In my original statement, I was merely saying, I prefer the maltier Saisons to the Crispy, but both are great in my book. I’m not sure how that can provoke a provocation? At the least, I was hoping for some comments about other favored Saisons.

    Hennepin being an easily accessible and popular American version is a fair comparison to the Dupont as they are within the same Saison flavor profile. It was a fair comparison based on the American popular vote. That alone makes my skin crawl… ;-} Looking at Beer Advocate (which does seem to be jaded at times) I see that Hennepin rates a 4.22 and Dupont a 4.17. I guess the average BA reviewer prefers Hennepin, but of course, I don’t think most of these reviewers are well versed in Saisons. For the record, I’m not a big fan of Hennepin. I find the flavors muted and murky.

    There are some nice American versions like Jolly Pumpkins. They have a variety of Sasions too….

    Bam Bière - artisan farmhouse ale that is golden, naturally cloudy, bottle conditioned and dry hopped for a perfectly refreshing balance of spicy malts, hops and yeast.

    Bam Noire- Dark Farmhouse Ale - Dark, smooth, delicious. Aromas of worn leather and cool autumn nights. Notes of sweet plum and toasted raisin, hints of coffee and cacao. Lingering tart and refreshing finish. Only available for a few short months. Not to be missed.

    E.S. Bam - Extra Special Farmhouse Ale. A Bam celebration of excess. More malt, more hops, same vivacious personality.

    As you see, even within the American made Saison’s there is quite the diversity of Saison.

    I’m a big fan of Fantome, although, I’ve had my fill, I still enjoy his special releases. I think Wikipedia kind of describes the diversity of Fantome:

    Per Wikipedia…..Dany Prignon, Fantôme is known for its unique variations on the Saison style of farmhouse ale, often involving the use of herbs, spices or fruit juice. Although their products are famously variable in quality and availability, many beer lovers consider them highly desirable and they have developed a significant audience in the United States and United Kingdom. While their complex earthy, herbal and sometimes sour flavors have caused them to be sought out by connoisseurs outside of Belgium, Fantôme's products are difficult to find and not well-known in the country of their origin.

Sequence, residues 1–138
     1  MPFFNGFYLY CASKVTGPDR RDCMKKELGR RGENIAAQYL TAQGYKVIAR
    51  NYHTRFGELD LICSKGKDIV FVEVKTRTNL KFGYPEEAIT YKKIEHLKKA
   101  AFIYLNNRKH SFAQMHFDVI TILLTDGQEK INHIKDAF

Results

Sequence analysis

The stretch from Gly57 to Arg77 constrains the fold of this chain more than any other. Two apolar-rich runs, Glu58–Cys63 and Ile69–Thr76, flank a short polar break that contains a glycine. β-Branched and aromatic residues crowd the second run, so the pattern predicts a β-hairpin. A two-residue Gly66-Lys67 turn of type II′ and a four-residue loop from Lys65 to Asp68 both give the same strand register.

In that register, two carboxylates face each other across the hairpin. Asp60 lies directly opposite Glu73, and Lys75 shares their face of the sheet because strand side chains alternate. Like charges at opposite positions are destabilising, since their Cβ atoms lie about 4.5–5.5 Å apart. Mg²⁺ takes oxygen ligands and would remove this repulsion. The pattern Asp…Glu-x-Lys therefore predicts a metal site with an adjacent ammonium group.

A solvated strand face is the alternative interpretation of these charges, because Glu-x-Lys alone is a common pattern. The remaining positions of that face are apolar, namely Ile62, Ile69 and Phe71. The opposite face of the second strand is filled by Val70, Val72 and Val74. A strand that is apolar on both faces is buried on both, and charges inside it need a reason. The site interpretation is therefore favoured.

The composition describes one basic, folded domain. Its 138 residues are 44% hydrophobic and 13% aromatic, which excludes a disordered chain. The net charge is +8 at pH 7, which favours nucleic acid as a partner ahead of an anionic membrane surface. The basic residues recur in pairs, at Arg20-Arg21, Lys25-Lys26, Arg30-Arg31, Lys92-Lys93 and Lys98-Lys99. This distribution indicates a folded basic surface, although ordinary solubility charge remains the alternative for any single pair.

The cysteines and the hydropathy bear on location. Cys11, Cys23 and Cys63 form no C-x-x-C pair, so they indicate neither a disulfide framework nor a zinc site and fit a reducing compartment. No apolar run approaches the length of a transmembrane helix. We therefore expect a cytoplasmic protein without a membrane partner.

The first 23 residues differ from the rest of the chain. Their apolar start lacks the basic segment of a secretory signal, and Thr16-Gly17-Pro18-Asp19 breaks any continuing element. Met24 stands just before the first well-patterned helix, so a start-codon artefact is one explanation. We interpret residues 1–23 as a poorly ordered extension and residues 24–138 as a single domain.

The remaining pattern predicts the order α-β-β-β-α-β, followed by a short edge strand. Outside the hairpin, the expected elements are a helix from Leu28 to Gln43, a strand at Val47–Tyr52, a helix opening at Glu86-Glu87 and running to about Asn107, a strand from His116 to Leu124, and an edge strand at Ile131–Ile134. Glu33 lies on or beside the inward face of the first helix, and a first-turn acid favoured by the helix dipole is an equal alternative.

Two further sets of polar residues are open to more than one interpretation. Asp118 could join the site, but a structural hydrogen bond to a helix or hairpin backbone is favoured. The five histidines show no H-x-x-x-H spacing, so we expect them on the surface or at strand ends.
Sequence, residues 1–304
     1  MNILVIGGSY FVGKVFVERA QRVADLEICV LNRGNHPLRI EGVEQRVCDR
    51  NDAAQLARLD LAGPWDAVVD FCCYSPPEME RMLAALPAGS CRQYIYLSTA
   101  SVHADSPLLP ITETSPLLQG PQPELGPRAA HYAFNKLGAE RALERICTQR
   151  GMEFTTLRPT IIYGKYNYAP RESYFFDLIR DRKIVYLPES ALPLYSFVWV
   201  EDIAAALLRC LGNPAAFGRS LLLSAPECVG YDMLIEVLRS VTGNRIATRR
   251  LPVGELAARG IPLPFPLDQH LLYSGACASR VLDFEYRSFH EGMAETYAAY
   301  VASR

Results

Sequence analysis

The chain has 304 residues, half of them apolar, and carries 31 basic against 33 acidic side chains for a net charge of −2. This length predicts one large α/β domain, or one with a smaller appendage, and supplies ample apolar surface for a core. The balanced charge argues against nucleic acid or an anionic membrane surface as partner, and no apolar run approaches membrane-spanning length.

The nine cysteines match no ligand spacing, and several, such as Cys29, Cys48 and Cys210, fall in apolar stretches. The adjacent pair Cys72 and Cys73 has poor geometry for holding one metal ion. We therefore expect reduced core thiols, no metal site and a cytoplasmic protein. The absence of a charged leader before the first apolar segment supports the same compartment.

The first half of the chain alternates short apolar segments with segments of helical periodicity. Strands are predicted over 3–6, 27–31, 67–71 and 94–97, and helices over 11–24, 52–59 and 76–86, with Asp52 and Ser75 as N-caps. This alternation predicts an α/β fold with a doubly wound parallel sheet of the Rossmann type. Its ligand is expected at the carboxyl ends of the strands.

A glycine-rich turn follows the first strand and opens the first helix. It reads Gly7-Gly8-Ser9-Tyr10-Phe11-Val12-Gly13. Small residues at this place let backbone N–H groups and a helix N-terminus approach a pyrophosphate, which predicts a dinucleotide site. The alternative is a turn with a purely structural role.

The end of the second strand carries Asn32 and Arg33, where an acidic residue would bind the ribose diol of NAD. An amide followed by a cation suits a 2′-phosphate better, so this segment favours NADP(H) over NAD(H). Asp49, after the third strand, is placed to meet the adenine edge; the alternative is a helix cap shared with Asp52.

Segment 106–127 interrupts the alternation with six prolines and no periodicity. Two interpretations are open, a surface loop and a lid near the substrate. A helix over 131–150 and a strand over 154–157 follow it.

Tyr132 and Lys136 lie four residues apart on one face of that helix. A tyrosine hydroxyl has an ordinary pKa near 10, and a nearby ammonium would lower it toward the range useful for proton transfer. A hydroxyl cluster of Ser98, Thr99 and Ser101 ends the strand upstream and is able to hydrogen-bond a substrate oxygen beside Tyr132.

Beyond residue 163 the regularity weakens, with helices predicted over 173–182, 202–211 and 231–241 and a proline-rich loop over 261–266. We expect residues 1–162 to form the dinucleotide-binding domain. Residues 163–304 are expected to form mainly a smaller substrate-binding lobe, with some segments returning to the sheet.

8. Doc, just a point of observation--you seem to always assume that people haven't tried a style broadly when they make a comment about a beer. I wonder if you might hold a more agnostic view before mustering an argument against your own projection.

    As to the typicality of Dupont, I think it's incumbent on you to describe why the company who has produced the style for over 80 years is atypical. I'm willing to keep an open mind, but let's see your work.

  9. Jeff,

    Your giving me a headache. ;-}

    If it makes you feel better, remove the word "Typical" from my original comment. You're taken the word out of the context I wanted to use... I never said Dupont Saison was Atypical of style. I said it was a classic within it's type of Saison. Meaning Saisons have more than one face and there are other types of Saisons.

    I don't assume that you haven't tried multiple Saisons, but I think more about the other readers of the posts. It's not all directed toward you. I'm trying to add info for everybody, not trying to give you a Saison tutorial.

    I haven't said Duponts Saison is anything but a great beer, but I'm trying to encourage others to try other Saisons out there. Experience brings wisdom and some liquid pleasures.

    If you are questioning the heritage of Dupont vs tradition and quality of other breweries and Saisons, that's another question.

    Anheuser Busch brewery started in 1860. There's some heritage, but who really gives a crap about that heritage equating into quality . ;-}

    Brasserie Dupont was started in 1950... That's 59 years ago, not 80. Of course 80 would be a drop in the bucket compared to some other Saison breweries. If we're just looking at heritage in brewing? I can't go back 50 years to Belgium and tell you what as popular, if popularity really matters, which to it means nothing.

    Brasserie à vapeur is a Belgian vapor brewery based in Pipaix. The original brewery was opened in 1785.

    Lefebvre brewery at Quenast.
    Since 1876,

    The Brasserie Du Bocq is a Belgian family brewery founded in 1858.

    All these breweries have been producing Saisons for many years and their brewing heritage is more extensive.

    OTOH....The original Budweiser Bier or Budweiser Bürgerbräu, had been founded in 1785 in Budweis, Bohemia, Holy Roman Empire and had started exports to the US in 1871. Now that's a fine beer that has withstood time without being popular.

    I love a good debate! How about this one.... Westmalle brewed the first Tripel and it's considered the standard classic that all others are brewed. I believe that to be true, but if you want to debate that, we can. Don't forget to show your work. ;-}

  10. I'm not trying to make _any_ point about whose Saisons best typify the style, but as regards Dupont:

    "This farmhouse brewery, on a country lane in the village of Tourpes, dates from 1850 or earlier and has been in the Dupont family since 1920."

    Jackson, "Great Beers of Belgium"